HELP! There are spiderwebs on my plant and the leaves are getting blotchy!
You're probably dealing with: Spider mites
How can I tell?: Spider mites are not actually insects but relatives of spiders and ticks. Adults are often red or brown but come in other colors. These are incredibly tiny pests, often smaller than the size of a pinpoint, and incredibly difficult to spot with the naked eye until a large infestation has taken hold of the plant. They are more easily identified by the fine webbing they leave behind and the noticeable dotted, blotchy leaf discoloration. The leaves continue to wilt or curl and turn yellow until they fall off.
But, why?: Spider mites thrive in hot, dry conditions, often appearing in winter months when humidity levels drop and indoor heating goes up. Although they can be found on virtually any houseplant, they have a strong preference for broad, thin-leaved plants like Alocasia and Calathea. Always check new plants before introducing them into your home or before bringing anything in from the garden.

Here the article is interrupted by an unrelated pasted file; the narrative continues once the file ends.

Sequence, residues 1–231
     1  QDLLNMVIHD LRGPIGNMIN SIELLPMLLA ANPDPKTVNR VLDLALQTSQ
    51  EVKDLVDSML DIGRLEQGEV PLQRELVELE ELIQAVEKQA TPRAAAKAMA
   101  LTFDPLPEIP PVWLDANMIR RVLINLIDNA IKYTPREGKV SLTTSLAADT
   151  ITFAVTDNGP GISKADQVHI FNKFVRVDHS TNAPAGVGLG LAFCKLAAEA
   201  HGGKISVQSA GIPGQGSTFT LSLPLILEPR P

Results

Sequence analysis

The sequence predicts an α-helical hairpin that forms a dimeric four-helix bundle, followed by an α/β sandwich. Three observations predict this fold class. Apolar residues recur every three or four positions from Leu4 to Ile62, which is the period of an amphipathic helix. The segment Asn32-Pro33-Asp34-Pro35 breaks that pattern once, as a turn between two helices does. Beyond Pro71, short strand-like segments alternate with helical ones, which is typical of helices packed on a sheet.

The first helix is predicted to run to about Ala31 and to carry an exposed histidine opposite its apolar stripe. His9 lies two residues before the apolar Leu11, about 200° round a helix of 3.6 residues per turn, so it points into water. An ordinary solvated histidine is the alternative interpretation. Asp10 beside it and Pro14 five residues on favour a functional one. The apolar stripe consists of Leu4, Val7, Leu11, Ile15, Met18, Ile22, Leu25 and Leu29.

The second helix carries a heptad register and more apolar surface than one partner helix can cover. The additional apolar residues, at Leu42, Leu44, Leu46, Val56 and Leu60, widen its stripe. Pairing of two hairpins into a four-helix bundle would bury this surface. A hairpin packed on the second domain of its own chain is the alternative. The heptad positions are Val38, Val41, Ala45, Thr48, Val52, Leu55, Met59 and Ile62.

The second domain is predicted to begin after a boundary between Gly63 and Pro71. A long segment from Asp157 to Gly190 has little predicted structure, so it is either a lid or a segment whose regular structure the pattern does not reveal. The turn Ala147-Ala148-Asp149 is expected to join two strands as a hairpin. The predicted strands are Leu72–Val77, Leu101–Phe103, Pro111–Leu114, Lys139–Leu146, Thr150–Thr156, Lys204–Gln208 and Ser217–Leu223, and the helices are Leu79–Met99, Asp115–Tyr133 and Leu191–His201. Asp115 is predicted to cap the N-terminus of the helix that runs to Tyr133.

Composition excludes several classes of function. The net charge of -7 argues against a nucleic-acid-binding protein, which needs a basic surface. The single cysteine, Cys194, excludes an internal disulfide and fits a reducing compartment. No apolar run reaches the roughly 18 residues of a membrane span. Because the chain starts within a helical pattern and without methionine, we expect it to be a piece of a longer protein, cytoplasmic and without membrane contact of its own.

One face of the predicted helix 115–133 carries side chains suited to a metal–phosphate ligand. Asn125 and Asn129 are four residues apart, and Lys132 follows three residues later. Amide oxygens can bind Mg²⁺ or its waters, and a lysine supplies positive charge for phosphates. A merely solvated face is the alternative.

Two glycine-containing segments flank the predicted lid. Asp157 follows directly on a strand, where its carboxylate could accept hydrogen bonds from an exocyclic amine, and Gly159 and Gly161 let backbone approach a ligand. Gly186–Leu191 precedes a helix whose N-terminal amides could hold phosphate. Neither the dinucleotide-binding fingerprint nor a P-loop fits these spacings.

Let's fix this: Spider mites are prolific pests and spread quickly. Wipe as many as possible with a damp paper towel. Use a weak soapy mixture with unscented liquid soap or neem oil and warm water in a spray bottle and thoroughly spray the plant, ensuring to get the undersides of the leaves and any crevices. Test the solution on one leaf first to see how the plant reacts: some plants are sensitive to soapy water. Continue treatment until infestation is in control. Be sure to keep the infested plant isolated from others while it undergoes treatment and check any neighboring plants that may have been exposed to the spider mites.